Cibulkova is the other seed in this section and will be seeking to rediscover her form on hard courts following a rough first six months of 2017. She hasn’t won three matches at the same tournament all year and has failed to reach a quarter-final since February. Cibulkova plays Lesia Tsurenko in the first round, which could be followed by a fourth match in the last year against Lucie Safarova (who plays home favourite, Francoise Abanda in the first round). The last time that Cibulkova and Safarova played each other was in Birmingham when they played out one of the most entertaining matches of the year so far.
Playing for the first time since Wimbledon, Elina Svitolina and Venus Williams, headline the fifth quarter and are on collision course for a third round meeting. If it were to happen, it would be just a second career match-up. Venus won on clay in Rome two years ago, 6-4 6-3. Svitolina will face some variety in her first match against either Daria Kasatkina or Roberta Vinci. I wonder what state of mind Vinci will be in after she revealed that she had possessions stolen in a robbery at her home. Venus’s first competitive match since the Wimbledon final will be against a qualifier, and potentially followed by the Bastad champion, Katerina Siniakova in the second round.
Garbiñe Muguruza will arrive in Toronto after a semi-final showing in Stanford. I questioned whether Muguruza could translate her Wimbledon form onto the WTA tour circuit and the early signs have been promising with two high-quality displays at the Bank of the West Classic. Muguruza’s first match could be a Stanford quarter-final rematch against Ana Konjuh. Muguruza won that match, 6-1 6-3, and was rewarded for her superior consistency with Konjuh throwing in too many loose errors. Muguruza is seeded to meet Elena Vesnina in the third round. Vesnina faces a 50-50 opener against Alison Riske – the American player leads their head-to-head, 2-1, and won their most recent match in qualifying for Rome last year.
Svetlana Kuznetsova will play Julia Goerges or CiCi Bellis in her first match in Toronto. Goerges vs. Bellis is one of the highlights from the first round and will be a rematch from Mallorca where Goerges won so convincingly, 6-1 6-1. The pair were due to meet the following week but both both pulled out of Eastbourne through injury. Both are in great form and contested semi-finals in Saturday. Goerges will be playing the D.C. final late on Sunday.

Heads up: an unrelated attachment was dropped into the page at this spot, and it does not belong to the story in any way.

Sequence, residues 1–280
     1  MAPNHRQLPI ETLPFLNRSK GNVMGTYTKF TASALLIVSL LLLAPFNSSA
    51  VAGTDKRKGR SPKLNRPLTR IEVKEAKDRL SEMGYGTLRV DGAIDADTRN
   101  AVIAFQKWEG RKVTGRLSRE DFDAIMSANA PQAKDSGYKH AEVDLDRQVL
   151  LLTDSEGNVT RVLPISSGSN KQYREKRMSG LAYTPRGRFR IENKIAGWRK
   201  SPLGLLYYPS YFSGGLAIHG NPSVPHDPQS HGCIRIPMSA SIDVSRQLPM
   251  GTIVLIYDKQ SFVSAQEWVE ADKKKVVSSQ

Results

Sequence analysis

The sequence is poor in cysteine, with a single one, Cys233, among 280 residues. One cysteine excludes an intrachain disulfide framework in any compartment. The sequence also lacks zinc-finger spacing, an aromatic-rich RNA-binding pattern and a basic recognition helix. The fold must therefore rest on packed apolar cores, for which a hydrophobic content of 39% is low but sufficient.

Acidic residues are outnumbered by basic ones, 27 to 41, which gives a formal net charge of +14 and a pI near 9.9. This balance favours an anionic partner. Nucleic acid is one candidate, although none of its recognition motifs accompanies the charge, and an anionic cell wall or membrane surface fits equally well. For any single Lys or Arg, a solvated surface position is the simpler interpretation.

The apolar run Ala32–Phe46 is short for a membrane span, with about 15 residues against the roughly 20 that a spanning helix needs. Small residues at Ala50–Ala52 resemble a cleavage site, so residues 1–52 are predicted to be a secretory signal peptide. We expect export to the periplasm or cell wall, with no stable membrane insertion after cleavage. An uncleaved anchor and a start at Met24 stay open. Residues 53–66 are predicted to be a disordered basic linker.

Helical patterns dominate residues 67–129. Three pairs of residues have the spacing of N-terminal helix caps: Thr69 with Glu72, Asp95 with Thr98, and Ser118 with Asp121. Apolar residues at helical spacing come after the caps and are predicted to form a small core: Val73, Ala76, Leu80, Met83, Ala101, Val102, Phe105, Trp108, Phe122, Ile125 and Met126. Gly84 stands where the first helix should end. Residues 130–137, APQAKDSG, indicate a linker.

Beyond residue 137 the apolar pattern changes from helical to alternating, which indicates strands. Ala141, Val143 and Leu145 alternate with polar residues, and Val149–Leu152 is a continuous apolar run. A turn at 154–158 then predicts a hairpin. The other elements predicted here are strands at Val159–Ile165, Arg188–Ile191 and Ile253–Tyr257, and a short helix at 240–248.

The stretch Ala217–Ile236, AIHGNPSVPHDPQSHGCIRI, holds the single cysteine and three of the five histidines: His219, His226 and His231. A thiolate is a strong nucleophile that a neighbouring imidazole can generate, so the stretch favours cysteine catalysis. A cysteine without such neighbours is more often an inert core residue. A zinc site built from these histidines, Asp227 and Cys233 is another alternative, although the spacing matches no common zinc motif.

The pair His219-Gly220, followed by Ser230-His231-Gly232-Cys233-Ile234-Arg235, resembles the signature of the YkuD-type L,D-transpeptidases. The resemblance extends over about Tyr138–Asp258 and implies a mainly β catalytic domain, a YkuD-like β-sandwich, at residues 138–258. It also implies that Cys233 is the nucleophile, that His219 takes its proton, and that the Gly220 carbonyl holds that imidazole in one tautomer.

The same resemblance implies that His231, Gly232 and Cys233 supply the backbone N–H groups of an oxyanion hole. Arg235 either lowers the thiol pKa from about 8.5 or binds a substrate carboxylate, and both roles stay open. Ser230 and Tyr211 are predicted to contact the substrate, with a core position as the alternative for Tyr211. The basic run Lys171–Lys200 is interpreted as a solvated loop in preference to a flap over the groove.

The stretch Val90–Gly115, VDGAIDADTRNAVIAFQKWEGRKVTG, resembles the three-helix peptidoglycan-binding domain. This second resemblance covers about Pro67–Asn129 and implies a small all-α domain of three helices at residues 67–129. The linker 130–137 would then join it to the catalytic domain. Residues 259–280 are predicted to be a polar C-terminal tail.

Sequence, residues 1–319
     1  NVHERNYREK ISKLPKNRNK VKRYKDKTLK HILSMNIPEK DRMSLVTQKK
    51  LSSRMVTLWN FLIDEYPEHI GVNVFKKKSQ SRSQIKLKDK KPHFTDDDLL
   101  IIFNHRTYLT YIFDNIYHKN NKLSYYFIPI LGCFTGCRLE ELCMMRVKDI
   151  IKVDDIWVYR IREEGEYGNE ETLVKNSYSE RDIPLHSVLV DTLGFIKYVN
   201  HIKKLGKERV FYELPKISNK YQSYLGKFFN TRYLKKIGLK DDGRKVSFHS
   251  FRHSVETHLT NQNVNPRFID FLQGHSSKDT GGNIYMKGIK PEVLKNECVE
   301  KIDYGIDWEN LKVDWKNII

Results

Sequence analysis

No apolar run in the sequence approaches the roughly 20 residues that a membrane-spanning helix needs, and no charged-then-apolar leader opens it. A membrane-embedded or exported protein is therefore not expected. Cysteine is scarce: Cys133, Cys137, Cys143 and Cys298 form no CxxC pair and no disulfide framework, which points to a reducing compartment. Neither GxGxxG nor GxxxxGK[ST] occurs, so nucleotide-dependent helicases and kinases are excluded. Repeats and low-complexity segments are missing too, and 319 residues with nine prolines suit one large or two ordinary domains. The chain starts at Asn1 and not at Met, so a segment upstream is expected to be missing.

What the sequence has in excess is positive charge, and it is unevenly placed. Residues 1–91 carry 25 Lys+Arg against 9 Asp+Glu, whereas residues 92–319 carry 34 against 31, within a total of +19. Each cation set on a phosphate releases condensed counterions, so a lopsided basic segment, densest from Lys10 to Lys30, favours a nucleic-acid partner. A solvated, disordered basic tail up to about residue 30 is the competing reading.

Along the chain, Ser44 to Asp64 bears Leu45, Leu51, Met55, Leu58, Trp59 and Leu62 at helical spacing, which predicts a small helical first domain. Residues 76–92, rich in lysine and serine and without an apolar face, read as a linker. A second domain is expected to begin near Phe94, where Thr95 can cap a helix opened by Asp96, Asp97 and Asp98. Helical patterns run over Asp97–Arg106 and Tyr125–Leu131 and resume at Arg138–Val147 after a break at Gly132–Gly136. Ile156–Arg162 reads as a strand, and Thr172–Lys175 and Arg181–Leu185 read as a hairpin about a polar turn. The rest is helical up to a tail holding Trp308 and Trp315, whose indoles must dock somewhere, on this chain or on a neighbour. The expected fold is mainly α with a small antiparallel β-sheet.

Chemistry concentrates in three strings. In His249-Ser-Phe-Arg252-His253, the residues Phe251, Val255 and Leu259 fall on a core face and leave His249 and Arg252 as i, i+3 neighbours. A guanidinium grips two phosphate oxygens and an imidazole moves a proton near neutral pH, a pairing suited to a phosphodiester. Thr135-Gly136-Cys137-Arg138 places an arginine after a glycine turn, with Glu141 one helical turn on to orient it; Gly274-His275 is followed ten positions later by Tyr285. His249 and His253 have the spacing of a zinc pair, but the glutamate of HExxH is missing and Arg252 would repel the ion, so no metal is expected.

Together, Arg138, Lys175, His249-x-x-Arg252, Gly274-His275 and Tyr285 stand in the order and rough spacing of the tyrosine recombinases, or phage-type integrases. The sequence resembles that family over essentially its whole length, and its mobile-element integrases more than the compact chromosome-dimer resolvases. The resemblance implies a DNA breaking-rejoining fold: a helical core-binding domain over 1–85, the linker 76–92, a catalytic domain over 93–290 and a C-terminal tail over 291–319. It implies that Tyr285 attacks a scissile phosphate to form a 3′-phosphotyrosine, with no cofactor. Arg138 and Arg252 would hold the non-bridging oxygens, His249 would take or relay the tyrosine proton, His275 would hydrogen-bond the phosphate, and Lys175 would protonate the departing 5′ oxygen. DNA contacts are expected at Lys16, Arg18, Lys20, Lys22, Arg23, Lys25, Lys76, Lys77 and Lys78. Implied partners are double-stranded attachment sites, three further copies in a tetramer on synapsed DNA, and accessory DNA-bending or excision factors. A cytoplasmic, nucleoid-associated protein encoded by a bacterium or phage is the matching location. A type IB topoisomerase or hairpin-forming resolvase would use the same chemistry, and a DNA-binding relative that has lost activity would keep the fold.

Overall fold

This is a legit section with Jelena Ostapenko and Caroline Garcia both opening against qualifiers and potentially meeting in the second round. Both players reached the quarter-finals of the French Open and Wimbledon with Ostapenko going all the way at Roland Garros to win her first Slam. I’m not sure it will ever sink in! Ostapenko’s two losses since that first Slam win were to Konta and V.Williams, and her reaction back on court has been one of the most positive since recent first time Slam champs.
Simona Halep bookends the draw and will face a big hitter in the second round – Madison Keys or Mirjana Lucic-Baroni who will play each other in a helmets-at-the-ready first round clash. Despite their similarly big games, Halep’s record against both are at either ends of the scale. Halep has won her last five previous encounters against Keys including the last three in straights, while Lucic-Baroni has proven to be her Slam nemesis, securing two huge wins at the US Open in 2014 and the French Open in 2015. Halep began her hard court campaign in D.C. last week where she struggled with the heat and eventually retired in the third set of her quarter-final match against Makarova.
In another cracking first rounder, the number 13 seed, Kristina Mladenovic gets Barbora Strycova. Mladenovic wasn’t at the races in Washington, perhaps injury affected, as she lost in the second round to Andreescu. Strycova will be playing her first tournament since a second round exit at Wimbledon. The winner will get Daria Gavrilova or a qualifier in the second round. A Bara-Dasha match-up excites me since they are both lively characters and they’ve never played each other before.
First Round Polls
WWW Toronto Poll
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What else can you do when it rains? Have lunch 🤣 this is the view from the players restaurant here in Toronto! On my plate: Marinated, grilled Atlantic salmon fillet topped with fresh dill and roasted tomato pesto, few veggie chips, chickpeas, beetroot, salad and bruschetta 👌
As the first tournament back for many players, it’s a bit of lucky dip trying to pick out finalists. I like Wozniacki and Konta in the top half as both were great on hard courts through the first three months. Konta normally takes a bit of time to get going after a break and I think Peng/Makarova in R2 could be a tough obstacle. Wozniacki was injured in Bastad, but will have had a week to prepare. In the bottom half, I think the potential R3 match between Svitolina and V.Williams could be a big one. I’m not so high on Muguruza or Mladenovic here, while if Halep can make it past a potentially tough opener in Lucic-Baroni or Keys, I think she has a fair draw going forward.
Confidence in the final prediction… very low! 😂
Final Prediction: Wozniacki d. Halep